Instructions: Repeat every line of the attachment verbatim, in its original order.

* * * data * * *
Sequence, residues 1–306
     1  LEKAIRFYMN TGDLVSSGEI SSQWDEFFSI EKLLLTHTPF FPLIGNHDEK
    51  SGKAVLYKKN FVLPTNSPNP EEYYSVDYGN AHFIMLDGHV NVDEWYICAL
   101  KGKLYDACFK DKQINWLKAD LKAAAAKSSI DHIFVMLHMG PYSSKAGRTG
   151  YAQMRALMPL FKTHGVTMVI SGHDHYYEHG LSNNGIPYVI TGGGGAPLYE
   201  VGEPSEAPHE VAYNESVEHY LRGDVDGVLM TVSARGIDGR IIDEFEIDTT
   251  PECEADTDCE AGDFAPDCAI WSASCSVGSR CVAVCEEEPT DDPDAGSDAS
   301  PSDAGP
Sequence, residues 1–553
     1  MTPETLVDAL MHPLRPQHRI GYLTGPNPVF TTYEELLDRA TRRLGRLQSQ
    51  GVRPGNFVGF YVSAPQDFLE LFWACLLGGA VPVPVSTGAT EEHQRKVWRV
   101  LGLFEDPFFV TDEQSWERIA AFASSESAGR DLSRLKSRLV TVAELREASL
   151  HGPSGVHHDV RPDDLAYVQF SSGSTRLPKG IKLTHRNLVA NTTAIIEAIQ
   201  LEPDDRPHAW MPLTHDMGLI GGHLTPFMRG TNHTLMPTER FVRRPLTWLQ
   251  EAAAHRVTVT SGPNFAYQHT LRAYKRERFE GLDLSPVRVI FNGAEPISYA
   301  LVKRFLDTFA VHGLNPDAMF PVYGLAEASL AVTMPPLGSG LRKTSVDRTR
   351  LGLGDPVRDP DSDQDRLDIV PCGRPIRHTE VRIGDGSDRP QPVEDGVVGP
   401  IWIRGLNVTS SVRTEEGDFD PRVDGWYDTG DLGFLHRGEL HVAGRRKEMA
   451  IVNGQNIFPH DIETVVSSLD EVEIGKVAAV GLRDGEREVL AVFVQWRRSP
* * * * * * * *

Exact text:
Sequence, residues 1–306
     1  LEKAIRFYMN TGDLVSSGEI SSQWDEFFSI EKLLLTHTPF FPLIGNHDEK
    51  SGKAVLYKKN FVLPTNSPNP EEYYSVDYGN AHFIMLDGHV NVDEWYICAL
   101  KGKLYDACFK DKQINWLKAD LKAAAAKSSI DHIFVMLHMG PYSSKAGRTG
   151  YAQMRALMPL FKTHGVTMVI SGHDHYYEHG LSNNGIPYVI TGGGGAPLYE
   201  VGEPSEAPHE VAYNESVEHY LRGDVDGVLM TVSARGIDGR IIDEFEIDTT
   251  PECEADTDCE AGDFAPDCAI WSASCSVGSR CVAVCEEEPT DDPDAGSDAS
   301  PSDAGP
Sequence, residues 1–553
     1  MTPETLVDAL MHPLRPQHRI GYLTGPNPVF TTYEELLDRA TRRLGRLQSQ
    51  GVRPGNFVGF YVSAPQDFLE LFWACLLGGA VPVPVSTGAT EEHQRKVWRV
   101  LGLFEDPFFV TDEQSWERIA AFASSESAGR DLSRLKSRLV TVAELREASL
   151  HGPSGVHHDV RPDDLAYVQF SSGSTRLPKG IKLTHRNLVA NTTAIIEAIQ
   201  LEPDDRPHAW MPLTHDMGLI GGHLTPFMRG TNHTLMPTER FVRRPLTWLQ
   251  EAAAHRVTVT SGPNFAYQHT LRAYKRERFE GLDLSPVRVI FNGAEPISYA
   301  LVKRFLDTFA VHGLNPDAMF PVYGLAEASL AVTMPPLGSG LRKTSVDRTR
   351  LGLGDPVRDP DSDQDRLDIV PCGRPIRHTE VRIGDGSDRP QPVEDGVVGP
   401  IWIRGLNVTS SVRTEEGDFD PRVDGWYDTG DLGFLHRGEL HVAGRRKEMA
   451  IVNGQNIFPH DIETVVSSLD EVEIGKVAAV GLRDGEREVL AVFVQWRRSP